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7. Rewards

The final idea on the list appeals to our most basic human selves: a reward for doing something good. Everyone enjoys a pat on the back now and then and a pat on the back with a gift card or dinner at a nice restaurant or a trip to a sporting event are all simple ways to reward someone for their hard work. These are best presented at milestones, big or small, and are an excellent way to affirm your employee for the job they’re doing positively.

Let’s get training for 2017!

Featured photo credit: Startup Stock Photos via stocksnap.io

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Last Updated on September 20, 2018

How to Be Happy at Work and Find Fulfillment in Your Career

How to Be Happy at Work and Find Fulfillment in Your Career

If you’re going to spend 1/3 of our life at work, you should enjoy it, right?

Trust me, I know that’s easier said than done. Difficult coworkers, less-than-desirable tasks, or even just being in the wrong position can all lead to a lack of enjoyment and fulfillment in your work.

But what if I told you it doesn’t have to be this way? Or better yet, if you struggle with all of the above (and then some), what if I told you that enjoying your work and finding fulfillment regardless of those obstacles is possible?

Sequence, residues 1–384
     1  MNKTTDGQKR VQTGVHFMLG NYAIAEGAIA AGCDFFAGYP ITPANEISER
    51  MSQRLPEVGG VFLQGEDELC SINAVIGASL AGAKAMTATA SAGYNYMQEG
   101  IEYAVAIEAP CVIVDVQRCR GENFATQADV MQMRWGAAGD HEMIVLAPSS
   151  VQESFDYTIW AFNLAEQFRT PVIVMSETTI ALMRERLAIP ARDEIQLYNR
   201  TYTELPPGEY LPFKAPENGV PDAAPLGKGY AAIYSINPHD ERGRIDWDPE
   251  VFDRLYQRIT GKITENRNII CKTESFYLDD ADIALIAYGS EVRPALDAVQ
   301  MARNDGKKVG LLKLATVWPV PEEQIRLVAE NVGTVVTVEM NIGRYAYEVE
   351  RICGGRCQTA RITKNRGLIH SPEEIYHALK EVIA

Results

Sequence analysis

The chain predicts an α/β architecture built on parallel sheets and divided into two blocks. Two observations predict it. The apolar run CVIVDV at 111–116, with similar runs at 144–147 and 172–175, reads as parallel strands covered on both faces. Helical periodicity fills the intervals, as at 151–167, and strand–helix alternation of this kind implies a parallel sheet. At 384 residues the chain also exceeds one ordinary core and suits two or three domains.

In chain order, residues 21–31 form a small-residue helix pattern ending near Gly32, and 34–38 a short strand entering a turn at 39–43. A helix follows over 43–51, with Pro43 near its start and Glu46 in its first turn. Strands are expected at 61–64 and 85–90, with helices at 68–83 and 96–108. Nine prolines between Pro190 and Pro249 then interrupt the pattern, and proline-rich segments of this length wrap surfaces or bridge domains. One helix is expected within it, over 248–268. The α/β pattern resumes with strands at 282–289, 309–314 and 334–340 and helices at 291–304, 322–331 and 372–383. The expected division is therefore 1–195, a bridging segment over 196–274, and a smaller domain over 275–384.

Don’t believe me? I don’t blame you because I was there too. Before implementing the tips below, I struggled to get through each day, much less find real fulfillment, in the office. Now, even after the toughest days on the job, I still come away with feelings of pride, accomplishment, and fulfillment. The best news is, so can you.

If you’re ready to make those hours count and find happiness and fulfillment in the office, then read on to find out how to be happy at work and find fulfillment in your career:

1. Discover the root(s) of the problem

For this first step, we’ll need to think back to 8th-grade physics (humor me). We all know Newton’s 3rd law, “for every action, there is an equal and opposite reaction.” When you think about it, the same can be said outside of physics, and we see this law play out in our daily lives, day after day.

Simply put, all the issues we deal with in the office (and life in general) affect us in a noticeable way.

If you’re appreciated at work, like the work you do and receive frequent praise, promotions, or raises, then this will probably have an altogether positive effect on your life in the office.